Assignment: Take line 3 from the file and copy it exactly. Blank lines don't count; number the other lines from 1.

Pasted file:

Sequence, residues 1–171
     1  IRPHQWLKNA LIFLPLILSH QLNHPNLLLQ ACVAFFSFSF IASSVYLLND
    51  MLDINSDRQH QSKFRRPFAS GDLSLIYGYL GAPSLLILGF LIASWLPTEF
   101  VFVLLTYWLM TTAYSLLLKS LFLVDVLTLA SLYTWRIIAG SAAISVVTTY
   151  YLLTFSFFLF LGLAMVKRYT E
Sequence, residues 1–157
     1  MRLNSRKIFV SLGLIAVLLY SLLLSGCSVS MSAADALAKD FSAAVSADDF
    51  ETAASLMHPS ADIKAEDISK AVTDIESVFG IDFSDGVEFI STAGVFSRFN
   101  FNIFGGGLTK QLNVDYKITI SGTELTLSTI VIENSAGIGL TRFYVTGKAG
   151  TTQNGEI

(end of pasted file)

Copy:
    51  MLDINSDRQH QSKFRRPFAS GDLSLIYGYL GAPSLLILGF LIASWLPTEF